Enough Generalizing!

Everyone does it. We all have to stop.

Fiona Cameron Lister
9 min readJan 12, 2022

Image: Geralt for Pixabay

When you are a Brit in Italy the temptation to use stereotypes is almost overwhelming. I can’t tell you how many expats, usually English, I have met who spend a disproportionate amount of time telling you what “the Italians” are like, what they do, how they behave, and how much better “the British way” of doing things is. This covers punctuality, workmen, bureaucracy, food, the family — you name it. Although it is quite seductive to join in, I have trained myself to stop every time I am about to use the phrase “the Italians” and ask myself a simple question: “What? All of them?” Because lumping together a nationality, or a race, or a group and then making general, and often inaccurate, observations is to indulge in that most heinous crime — sloppy, lazy thinking.

It is all too easy to use words like “all” or “every” or “never” or “always” or “no” plus the label of your choice: “Italians, Democrats, antivaxxers, women, celebrities, scientists, Trump supporters, priests, teachers, Generation X, Baby Boomers, teenagers, writers…” and then make a statement that fails to acknowledge any filament of nuance or individuality within those groups. This results in devastatingly inaccurate, unthought-through comments like: “Scots are tight-fisted,” “All antivaxxers are idiots,”, “Kids today are always on their phones,” and so on.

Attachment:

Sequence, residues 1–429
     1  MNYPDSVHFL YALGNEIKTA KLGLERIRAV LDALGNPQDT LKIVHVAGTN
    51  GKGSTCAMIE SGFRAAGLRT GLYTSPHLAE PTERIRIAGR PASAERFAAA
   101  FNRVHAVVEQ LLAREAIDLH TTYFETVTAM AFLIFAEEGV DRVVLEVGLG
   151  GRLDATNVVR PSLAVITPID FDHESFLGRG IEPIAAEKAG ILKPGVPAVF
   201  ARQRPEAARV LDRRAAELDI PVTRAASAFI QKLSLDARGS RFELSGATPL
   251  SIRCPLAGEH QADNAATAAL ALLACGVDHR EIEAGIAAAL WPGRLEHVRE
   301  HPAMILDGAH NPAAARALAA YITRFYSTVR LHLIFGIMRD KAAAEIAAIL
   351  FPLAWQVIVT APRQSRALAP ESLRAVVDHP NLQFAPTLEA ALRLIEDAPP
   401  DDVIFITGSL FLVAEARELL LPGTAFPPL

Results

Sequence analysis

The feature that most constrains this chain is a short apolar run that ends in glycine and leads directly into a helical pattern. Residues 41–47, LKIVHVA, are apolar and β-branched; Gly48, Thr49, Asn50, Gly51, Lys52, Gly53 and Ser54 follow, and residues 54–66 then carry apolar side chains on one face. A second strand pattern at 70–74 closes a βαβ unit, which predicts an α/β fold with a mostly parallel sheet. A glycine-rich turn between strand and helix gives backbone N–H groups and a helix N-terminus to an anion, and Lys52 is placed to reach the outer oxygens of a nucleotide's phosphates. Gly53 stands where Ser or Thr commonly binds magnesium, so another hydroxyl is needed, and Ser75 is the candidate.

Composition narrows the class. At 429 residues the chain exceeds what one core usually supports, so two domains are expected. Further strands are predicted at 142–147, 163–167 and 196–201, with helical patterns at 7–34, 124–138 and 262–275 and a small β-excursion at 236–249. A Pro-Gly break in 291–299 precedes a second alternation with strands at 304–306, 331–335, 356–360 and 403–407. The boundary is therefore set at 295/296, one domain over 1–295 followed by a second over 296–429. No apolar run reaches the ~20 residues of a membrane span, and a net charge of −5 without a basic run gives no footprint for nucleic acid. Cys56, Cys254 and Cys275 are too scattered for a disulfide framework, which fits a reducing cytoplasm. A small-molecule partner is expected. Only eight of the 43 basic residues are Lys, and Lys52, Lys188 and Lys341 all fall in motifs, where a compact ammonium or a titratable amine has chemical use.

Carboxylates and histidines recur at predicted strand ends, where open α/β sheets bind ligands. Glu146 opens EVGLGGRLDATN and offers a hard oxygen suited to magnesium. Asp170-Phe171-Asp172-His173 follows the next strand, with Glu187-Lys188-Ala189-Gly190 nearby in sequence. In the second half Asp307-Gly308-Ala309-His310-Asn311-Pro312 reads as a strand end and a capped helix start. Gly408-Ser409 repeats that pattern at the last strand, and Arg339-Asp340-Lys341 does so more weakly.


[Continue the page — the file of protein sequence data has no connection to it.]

Teenagers these days — always on their phones! Images: Pixabay

Danger in disguise

Generalizing may seem an innocuous activity. What harm is there is making sweeping statements? A lot, as it happens, particularly if you are in the public eye. British Deputy Leader of the Labour Party, Angela Raynor, certainly caused a lot of ill feeling with her September 2021 description of all Conservatives as “homophobic, racist, misogynistic … banana republic, vile, nasty, Etonian… scum.” The impact was even more dreadful because it came just before the murder of Tory Member of Parliament, Sir David Amess.

To be politically even-handed, clichéd, stupid generalizations also come from the right: British Prime Minister Boris Johnson caused huge offence when, as editor of The Spectator, he accused the citizens…

Fiona Cameron Lister

Experienced British writer/editor/writing coach in Italy | MWC semi-finalist| Loves words, history, humour, unusual subjects| Contact: fcameronlister@gmail.com